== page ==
Uh-oh, I am on Trump’s mailing list

All of a sudden, I am getting daily emails from Donald Trump. Clearly someone has sold his campaign a list of emails addresses that include mine. My first instinct was to block them but then I thought I’d not, just to see what they think appeals to his supporters. For several days he would urge me to add my name to a ‘surprise’ birthday card for his wife Melania, something that was apparently done last year too and the goal this year seems to be to exceed the numbers who signed last year. Given that this is a repeat of last year, she must be someone who forgets things quickly or is easily surprised.

Yesterday was Sunday, Trump’s day of choice for going on a Twitter tear with his usual mix of ignorance and incoherence, this time urging that journalists give back their ‘Noble’ [sic] prizes.

I think it must really sting for Trump that Barack Obama, Ellen Johnson Sirleaf, president of Liberia, Juan Manuel Santos, president of Colombia, and Abiy Ahmed Ali, prime minister of Ethiopia, are all heads of state who recently won Nobel peace prizes but that he, despite being a very stable genius, has been overlooked.

Maybe his name could be submitted in the Physiology and Medicine category of Nobel prizes for his brilliant suggestion that Covid-19 could be treated by injecting bleach and other disinfectants into the body. Poison control centers across the country have received so many calls asking about the possible benefits of doing this that they have had to issue statements telling people not to do it. What worries me are those who did not think to call any competent authority but simply believe Trump.

Meanwhile, here is Anthony Fauci (played by Brad Pitt) translating Trump’s words.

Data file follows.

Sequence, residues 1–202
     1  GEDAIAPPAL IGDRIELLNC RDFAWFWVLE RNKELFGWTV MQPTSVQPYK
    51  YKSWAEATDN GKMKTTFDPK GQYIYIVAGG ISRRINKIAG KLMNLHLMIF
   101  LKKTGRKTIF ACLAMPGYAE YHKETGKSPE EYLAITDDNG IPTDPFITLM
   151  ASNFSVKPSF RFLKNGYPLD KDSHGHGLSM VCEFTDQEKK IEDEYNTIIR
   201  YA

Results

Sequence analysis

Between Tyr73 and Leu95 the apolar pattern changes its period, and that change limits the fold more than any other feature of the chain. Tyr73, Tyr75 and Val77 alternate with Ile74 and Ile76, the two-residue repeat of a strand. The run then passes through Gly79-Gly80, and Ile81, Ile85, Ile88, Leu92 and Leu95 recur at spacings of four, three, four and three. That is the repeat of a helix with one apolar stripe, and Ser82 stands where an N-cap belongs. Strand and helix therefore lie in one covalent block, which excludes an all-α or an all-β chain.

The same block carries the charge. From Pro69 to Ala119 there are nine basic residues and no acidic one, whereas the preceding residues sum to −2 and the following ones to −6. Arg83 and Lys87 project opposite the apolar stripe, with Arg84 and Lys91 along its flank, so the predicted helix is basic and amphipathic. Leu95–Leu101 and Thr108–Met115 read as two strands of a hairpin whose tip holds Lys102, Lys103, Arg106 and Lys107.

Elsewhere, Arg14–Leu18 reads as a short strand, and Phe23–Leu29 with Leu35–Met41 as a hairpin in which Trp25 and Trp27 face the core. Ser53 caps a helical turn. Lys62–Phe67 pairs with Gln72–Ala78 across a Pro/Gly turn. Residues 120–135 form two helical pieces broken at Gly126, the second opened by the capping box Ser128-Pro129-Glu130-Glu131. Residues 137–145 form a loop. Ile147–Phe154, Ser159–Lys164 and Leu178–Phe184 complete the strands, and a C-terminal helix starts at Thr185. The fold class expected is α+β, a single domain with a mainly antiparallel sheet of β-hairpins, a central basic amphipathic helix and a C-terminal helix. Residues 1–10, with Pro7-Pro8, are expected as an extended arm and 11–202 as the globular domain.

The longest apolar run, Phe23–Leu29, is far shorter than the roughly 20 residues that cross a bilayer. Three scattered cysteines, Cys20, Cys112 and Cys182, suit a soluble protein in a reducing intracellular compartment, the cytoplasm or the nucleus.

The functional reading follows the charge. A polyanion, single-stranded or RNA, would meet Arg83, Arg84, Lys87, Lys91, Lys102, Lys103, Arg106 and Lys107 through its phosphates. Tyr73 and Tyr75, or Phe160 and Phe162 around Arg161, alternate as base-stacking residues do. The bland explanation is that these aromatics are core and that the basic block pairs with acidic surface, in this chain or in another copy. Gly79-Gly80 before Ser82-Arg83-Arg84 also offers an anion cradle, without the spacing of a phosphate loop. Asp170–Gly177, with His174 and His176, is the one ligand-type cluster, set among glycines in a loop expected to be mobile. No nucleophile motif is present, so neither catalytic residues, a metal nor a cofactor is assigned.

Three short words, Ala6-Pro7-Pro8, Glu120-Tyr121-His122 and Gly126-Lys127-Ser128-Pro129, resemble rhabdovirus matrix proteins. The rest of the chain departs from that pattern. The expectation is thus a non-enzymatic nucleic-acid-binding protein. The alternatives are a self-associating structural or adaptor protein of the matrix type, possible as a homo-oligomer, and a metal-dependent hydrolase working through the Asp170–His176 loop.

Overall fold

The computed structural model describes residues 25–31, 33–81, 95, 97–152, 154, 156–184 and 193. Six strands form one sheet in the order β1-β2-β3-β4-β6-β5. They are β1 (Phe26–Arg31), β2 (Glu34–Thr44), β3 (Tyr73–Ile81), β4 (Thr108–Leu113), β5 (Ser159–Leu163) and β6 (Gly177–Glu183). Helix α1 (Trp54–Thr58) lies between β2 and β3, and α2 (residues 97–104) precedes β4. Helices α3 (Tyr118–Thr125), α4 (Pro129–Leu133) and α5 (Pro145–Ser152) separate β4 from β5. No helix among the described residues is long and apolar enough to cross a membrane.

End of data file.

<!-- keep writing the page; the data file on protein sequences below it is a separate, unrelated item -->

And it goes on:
Meanwhile Deborah Birx is trying to minimize the absurdity of his words and blaming the media, even going on Fox News and saying “I think the media is very slicey and dicey about how they put sentences together in order to create headlines.”

Birx’s weekend media appearances were right in line with what Trump would like to see from his surrogates. But the doctor should be above this kind of pandering. She’s in a tough spot, but choosing to blame the media instead of deflecting these sorts of questions does no one any good. In fact, it feeds into the blame and don’t trust the media narrative that the president has evoked from day one.

The public’s need to trust the media during a pandemic is of utmost importance, and one of America’s top health officials sowing seeds of distrust is dangerous.

Birx is sliding more and more into Trump sycophancy territory.


  1. mnb0 says

    “Poison control centers across the country have received so many calls asking about the possible benefits of doing this ”
    The joke is a bit too tasteless even for me, but part of me wishes that those centers had given a positive answer. It would perhaps have costed Donald the Clown the next elections.

  2. DonDueed says

    Speaking of mailing lists — last week I received my stimulus payment via direct deposit. Saturday I got a letter by snail mail. Over Trump’s signature it explained that I’d received my stimulus payment by direct deposit. You see, since it was an electronic transfer, I didn’t get a paper check with Trump’s name on it, so he apparently decided it was important that people like me saw his name anyway. Wonder how much that little bit of narcissism cost the government?

    I wished there was something worse I could do with that letter than toss it in the trash while holding my nose.

  3. Mano Singham says


    So that is how it was done! I wondered how he was going to get his name on an electronic transfer.

    I read that he was not allowed by law to be the signatory of the physical checks but that they found a way to add his signature to the signature of the person actually required by law to sign it. I haven’t seen those checks so don’t know what it looks like.

  4. publicola says

    Look at the ironic upside: Chump’s mailing provided revenue to the very Postal Service he’s trying to destroy.

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